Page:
Hull v. Colvin

Filing 38

ORDER ADOPTING REPORT AND RECOMMENDATION for 34 Report and Recommendation, 37 Motion for Attorney Fees filed by Michelle Lea Hull, 30 Motion for Attorney Fees, filed by Michelle Lea Hull, as more fully set out. Signed by Honorable David L. Russell on 5/12/17. (jw)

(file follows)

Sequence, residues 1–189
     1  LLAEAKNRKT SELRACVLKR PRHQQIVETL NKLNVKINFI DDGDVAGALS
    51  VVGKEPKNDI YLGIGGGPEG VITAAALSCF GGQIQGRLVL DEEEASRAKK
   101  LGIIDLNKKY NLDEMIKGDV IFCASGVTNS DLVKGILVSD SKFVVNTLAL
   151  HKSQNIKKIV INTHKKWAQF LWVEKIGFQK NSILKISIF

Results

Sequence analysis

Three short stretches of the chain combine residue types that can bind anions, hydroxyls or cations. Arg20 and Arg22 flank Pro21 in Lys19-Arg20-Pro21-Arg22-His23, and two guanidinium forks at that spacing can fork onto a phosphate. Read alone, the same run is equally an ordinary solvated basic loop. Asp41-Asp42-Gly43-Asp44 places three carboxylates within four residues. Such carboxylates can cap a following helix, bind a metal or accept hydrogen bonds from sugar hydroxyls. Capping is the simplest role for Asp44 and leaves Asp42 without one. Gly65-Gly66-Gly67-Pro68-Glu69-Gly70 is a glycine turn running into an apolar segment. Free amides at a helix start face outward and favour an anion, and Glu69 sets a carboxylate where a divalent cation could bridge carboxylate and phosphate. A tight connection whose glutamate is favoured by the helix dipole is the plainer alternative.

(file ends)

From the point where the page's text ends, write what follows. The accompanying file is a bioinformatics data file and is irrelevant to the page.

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IN THE UNITED STATE DISTRICT COURT FOR THE WESTERN DISTRICT OF OKLAHOMA MICHELLE LEA HULL, Plaintiff, v. NANCY A. BERRYHILL, Acting Commissioner of the Social Security Administration, Defendant. ) ) ) ) ) ) ) ) ) ) ) CIV-15-954-R ORDER On December 15, 2016, the Court entered its Judgment reversing the Commissioner’s final decision denying Plaintiff Michelle Hull’s application for disability insurance benefits and remanding the case for further proceedings. Plaintiff thereafter sought an award of attorney and paralegal fees pursuant to the Equal Access to Justice Act (“EAJA”), 28 U.S.C. § 2412. (Doc. No. 30), which she supplemented on May 9, 2017 (Doc. No. 37). Defendant, the Acting Commissioner of the Social Security Administration, opposes Plaintiff’s request for EAJA fees. The Court referred the fee issue to Magistrate Judge Bernard M. Jones for review, and on April 20, 2017, Judge Jones issued a Report and Recommendation wherein he recommended the fee award be granted. The matter is currently before the Court on the Commissioner’s timely objection to the Report and Recommendation, which gives rise to the Court’s obligation to undertake a de novo review of those portions of the Report and Recommendation to which specific objection is made. Having conducted this de novo review, the Court finds as follows. The Court must award reasonable attorneys’ and paralegal fees to Plaintiff “if: (1) [she] is a ‘prevailing party’; (2) the position of the United States was not ‘substantially justified’; and (3) there are no special circumstances that make an award of fees unjust.” Hackett v. Barnhart, 475 F.3d 1166, 1172 (10th Cir. 2007) (quoting 28 U.S.C. § 2412(d)(1)(A)); see also Harris v. R.R. Ret. Bd., 990 F.2d 519, 521 (10th Cir. 1993) (noting that reasonable fees for work performed by paralegals are recoverable under the EAJA). Here, the only contested issue is whether the Commissioner's position defending the agency's unfavorable decision on the merits was substantially justified. “The test for substantial justification in this circuit is one of reasonableness in law and fact.” Hackett, 475 F.3d at 1172 (internal quotation marks omitted). The Commissioner's “position can be justified even though it is not correct, and ... it can be substantially (i.e., for the most part) justified if a reasonable person could think it correct, that is, if it has a reasonable basis in law and fact.” Pierce v. Underwood, 487 U.S. 552, 566 n.2 (1988). The government bears the burden of establishing that its position was substantially justified, and it must justify both its position in the underlying administrative proceedings and this court litigation. Hackett, 475 F.3d at 1169-70. In evaluating whether the government's position was substantially justified, the focus is on the issue that led to remand, rather than the ultimate issue of disability. Flores v. Shalala, 49 F.3d 562, 566 (9th Cir. 1995). Therefore, the government must justify both its position in the underlying administrative proceedings and its position in any subsequent court litigation. Hackett, 475 F.3d at 1170. Consequently, fees should generally be awarded where the agency's underlying action was unreasonable even if the government advanced a reasonable 2   litigation position. Id. at 1174 (quoting United States v. Marolf, 277 F.3d 1156, 1159 (9th Cir. 2002)). The Court reversed the decision of the Commissioner in this case because the administrative law judge failed to properly address the opinion of Plaintiff’s treating physician, and he picked through the medical records, choosing entries from the treating physician’s records that supported his ultimate conclusion that Ms. Hull was not disabled while seemingly ignoring evidence in the same records that supported her contention of disability. The law requires the administrative law judge to “discuss the uncontroverted evidence he chooses not to rely upon, as well as significantly probative evidence he rejects.” Clifton v. Chater, 79 F.3d 1007, 1009 (10th Cir. 1996); see also Frantz v. Astrue, 509 F.3d 1299, 1302 (10th Cir. 2007)(it is error to ignore evidence supporting a finding of disability while highlighting the evidence that favors a finding of nondisability). It is error to pick and choose among medical reports and use only the favorable portions thereof. Keyes-Zachary v. Astrue, 695 F.3d 1156, 1166 (10th Cir. 2012). This legal error, which was the basis for remand, leads the Court to conclude that the decision of the administrative law judge was not arguably defensible. As such, the Court finds that the Commissioner has failed to meet her burden to establish that she was substantially justified both at the administrative level and in this litigation. The Commissioner takes issue with Judge Jones’ conclusion that her position before the Court was not substantially justified, because she “impermissibly attempted to ‘recast Plaintiff’s first claim of error’, i.e., that the ALJ committed reversible legal error by failing to properly evaluate the opinion of her treating psychiatrist, and instead ‘disingenuously’ 3   addressed ‘whether the ALJ reasonably considered medical evidence opinions.’” Report and Recommendation, Doc. No. 34, p. 4. (quoting Report and Recommendation Doc. No. 25)(further citation omitted). She asserts in the objection: The Magistrate Judge also characterizes as disingenuous the Commissioner’s arguments in her brief with respect to Dr. Darbe’s opinion, citing the Commissioner’s broad subheading referencing the ALJ’s reasonable consideration of medical source opinions, but disregards the Commissioner’s specific and extensive contentions as to Dr. Darbe’s evidence and opinion and the ALJ’s consideration of such. Doc. No. 35, p. 3 (citations omitted). The Court disagrees with the Commissioner’s contention that Judge Jones’ recommendation is based solely on the broad subheading of her argument. The entire section of the Commissioner’s brief addresses the evidence supporting the administrative law judge’s decision and concludes by noting that “[t]he above favorable objective medical findings provided substantial evidence supporting the Commissioner’s decision.” Doc. No. 24, p. 7. This argument, however, was not directly responsive to the issues raised by Plaintiff.1 The Court finds that given the legal errors described in both the Report and Recommendation recommending reversal and the current Report and Recommendation that the Commissioner has failed to show that her position was substantially justified. As                                                                The Commissioner also contends the Magistrate Judge failed to respond to a particular argument, presented in her brief in opposition to Plaintiff’s fee request. (See Doc. No. 35, p. 4-5). Defendant argued: The Tenth Circuit has recognized an exception to the general rule (that EAJA fees should be awarded where the government’s underlying action was unreasonable even if the government advanced a reasonable litigation position) when the government advances a reasonable litigation position that cures unreasonable agency action, and in the Social Security context, has interpreted that exception to include when the Commissioner reasonably, even if unsuccessfully, argues in litigation that the ALJ’s errors were harmless. See Evans, 2016 WL 362438, *1. Doc. No. 31, p. 13. The Magistrate Judge concluded the government’s litigation position was not reasonable, and thus its position could not have cured unreasonable agency action. Furthermore, the Commissioner did not truly develop this argument, which was limited to the above language. 1 4   a result, EAJA fees are appropriate and the Report and Recommendation is hereby ADOPTED. Because there was no objection by the Commissioner to the amount of Plaintiff’s initial fee request, $7,082.60, he recommended that full amount be granted. Plaintiff has now supplemented her fee request to include fees for the time allocated to litigating the current fee dispute, and as a result seeks a total of $8,375.50. The additional amount of fees is appropriate under Commissioner, INS v. Jean, 496 U.S. 154, 159 (1990). Accordingly, the Court hereby GRANTS both the initial motion and the supplement. Plaintiff is hereby awarded $8,370.50 in fees. Pursuant to the Commissioner's usual practice, the check should be made payable to Plaintiff Hull and mailed to counsel's address. See Manning v. Astrue, 510 F.3d 1246, 1254–55 (10th Cir. 2007) (the award of EAJA attorney's fees is to claimant and not to the attorney). If attorney fees are also awarded and received by counsel under 42 U.S.C. § 405(b) of the Social Security Act, counsel shall refund the smaller award to plaintiff pursuant to Weakley v. Bowen, 803 F.2d 575, 580 (10th Cir. 1986). IT IS SO ORDRED this 12th day of May, 2017. 5